Trade associations and other bodies representing foodservice and food retailers hailed Congress’ passing of the Tax Cuts and Jobs Act, but some trade unions and other organizations condemned the bill.
“This bill addresses the needs of small business and will help restaurants remain strong economic engines and job creators,” Cicely Simpson, executive vice president for public affairs at the National Restaurant Association, said in a statement.
Pamela Bailey, president and CEO of the Grocery Manufacturers Association called the act “the most significant piece of tax reform legislation in 30 years.”
“It will help spur job creation within the grocery manufacturing industry and provide tax relief for working families. The food, beverage and consumer products industry has long urged action to fix our broken tax system, which must work in favor of both consumers and manufacturers,” she said in a statement.
Peter Larkin, president and CEO of the National Grocers Association said cutting the corporate tax rate was a boon to his constituents.
“For years, independent supermarket operators have tried to keep pace with a rapidly-changing marketplace while operating in an industry with high effective tax rates on just one to two percent profit margins. This new weight lifted off their shoulders will allow stores to invest more in their companies, employees, and communities,” he said in a statement.
The bill changes the corporate tax rate — from as high as 35 percent for companies with taxable income of more than $10 million to as low as 15 percent with companies with taxable income of $50,000 or less — to a flat rate of 21 percent.
Jennifer Hatcher, chief policy officer and senior vice president for government relations for the Food Marketing Institute, said in a statement, “The bill dramatically lowers the corporate tax rate and increases expensing levels, which should help fuel improvements in technology and job growth within the industry.”
The bill allows for deducting all investments in capital improvements, except for the purchase of real estate, in 2018 rather than amortizing it over several years.
Hatcher added, “While we would have liked to see more progress in certain areas such as greater parity between the corporate and pass-through rate and full repeal of the estate tax, we’re grateful for a number of changes made during conference, such as allowing estates and trusts access to the reduced pass-through rate.”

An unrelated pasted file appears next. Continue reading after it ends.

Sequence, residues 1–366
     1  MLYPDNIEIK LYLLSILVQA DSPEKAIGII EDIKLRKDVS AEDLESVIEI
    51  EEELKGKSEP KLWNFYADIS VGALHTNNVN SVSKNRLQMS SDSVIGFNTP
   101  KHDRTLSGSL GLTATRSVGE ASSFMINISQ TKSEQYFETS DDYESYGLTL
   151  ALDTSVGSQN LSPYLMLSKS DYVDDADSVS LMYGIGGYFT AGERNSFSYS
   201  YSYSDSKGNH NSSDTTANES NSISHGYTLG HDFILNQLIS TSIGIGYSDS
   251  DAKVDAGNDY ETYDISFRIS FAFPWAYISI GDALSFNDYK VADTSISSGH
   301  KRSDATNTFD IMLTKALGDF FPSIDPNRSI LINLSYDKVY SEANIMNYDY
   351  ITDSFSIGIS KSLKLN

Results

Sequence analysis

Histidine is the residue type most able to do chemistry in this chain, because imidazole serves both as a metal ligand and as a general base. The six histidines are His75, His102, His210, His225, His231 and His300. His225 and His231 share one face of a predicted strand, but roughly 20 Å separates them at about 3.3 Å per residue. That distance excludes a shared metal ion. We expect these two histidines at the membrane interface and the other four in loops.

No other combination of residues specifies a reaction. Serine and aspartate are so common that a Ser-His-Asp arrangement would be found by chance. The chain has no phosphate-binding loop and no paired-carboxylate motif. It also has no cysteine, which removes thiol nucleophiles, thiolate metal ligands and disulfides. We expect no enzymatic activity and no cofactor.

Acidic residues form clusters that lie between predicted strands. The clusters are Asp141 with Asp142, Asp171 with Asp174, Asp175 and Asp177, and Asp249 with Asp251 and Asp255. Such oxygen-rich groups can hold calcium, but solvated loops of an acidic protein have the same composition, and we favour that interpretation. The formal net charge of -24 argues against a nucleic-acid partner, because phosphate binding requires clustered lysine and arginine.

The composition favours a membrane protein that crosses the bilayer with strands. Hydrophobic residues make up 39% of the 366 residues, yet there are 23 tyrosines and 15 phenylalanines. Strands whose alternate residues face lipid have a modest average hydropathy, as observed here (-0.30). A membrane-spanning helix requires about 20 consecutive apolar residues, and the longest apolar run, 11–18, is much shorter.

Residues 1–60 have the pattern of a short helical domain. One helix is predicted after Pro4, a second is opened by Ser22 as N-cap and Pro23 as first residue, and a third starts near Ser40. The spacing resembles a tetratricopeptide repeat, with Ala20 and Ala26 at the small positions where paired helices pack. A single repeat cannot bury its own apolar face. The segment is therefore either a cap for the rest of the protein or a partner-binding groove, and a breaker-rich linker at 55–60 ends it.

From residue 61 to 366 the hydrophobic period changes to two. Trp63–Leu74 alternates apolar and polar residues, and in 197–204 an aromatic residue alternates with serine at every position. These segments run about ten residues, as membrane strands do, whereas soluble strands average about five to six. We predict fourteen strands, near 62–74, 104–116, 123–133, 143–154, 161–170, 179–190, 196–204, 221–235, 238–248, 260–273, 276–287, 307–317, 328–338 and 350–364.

Restaurant operators also were fulsome in their praise of the new tax structure.
“Small businesses and local franchise owners have long been held back by repressive tax legislation, preventing them from seeing their true growth potential,” Michael Abt, CEO of 360-unit Huddle House, said in an email. “We’re hopeful that this new tax bill will provide our franchise partners the opportunity to continue growing their businesses and provide more local employment opportunities. Small businesses are the backbone of the economy; it’s time they get the relief they deserve.”
Ricardo Cardenas, chief financial officer of Darden Restaurants Inc., said in a second-quarter earnings call with analysts on Tuesday that he expected a 25 percent effective tax rate in fiscal 2018.
“This outlook does not contemplate any potential impacts from the pending tax legislation,” Cardenas said. “Based on the information we know today, we anticipate that the tax legislation will have a benefit to us in terms of our effective tax rate going forward.”
But given the complexity of the legislation, Cardenas added, the company is uncertain at this point of its impact. “We plan to update our fiscal 2018 outlook in early January to reflect the impact of tax legislation,” he said.
However, advocacy group Americans for Tax Fairness, which advocates for higher taxes on the wealthy and large corporations, called the act a “monstrosity.”
“It’s a money grab by the richest 1 percent and the wealthiest corporations, period,” executive director Frank Clemente said in a statement, arguing that the tax cut would be paid for by raising taxes on working families “and raiding Social Security, Medicare, Medicaid, and other critical services they cherish and depend on.”
David Levine, president, CEO and co-founder of the American Sustainable Business Council, said the bill “fails as corporate tax reform because it cuts the wrong taxes at the wrong time. Cutting corporate and pass-through taxes now, during this strong business cycle, will not achieve the growth Republicans say it will. Instead, the plan will boost the deficit, risk inflation and require future cuts to infrastructure, research, and education investments that all businesses rely on as key building blocks.”
William Samuel, director of the government affairs department of the AFL-CIO, a federation of trade unions, said in a statement that the bill “is a job killer that gives huge tax breaks to wealthy corporations that outsource jobs at the expense of working people.”
He added that those working people would pay the price in the form of lost benefits to entitlements such as Medicare and Medicare, “as Republican leaders have already announced their plans to use the deficit they have created as an excuse to cut benefits to working people.”
He also predicted “job killing cuts to education, infrastructure, and other essential services that will result from lost federal revenues and from limiting the deduction of state and local taxes.”
The bill limits deduction of state, local and property taxes to $10,000.
Contact Bret Thorn at [email protected]
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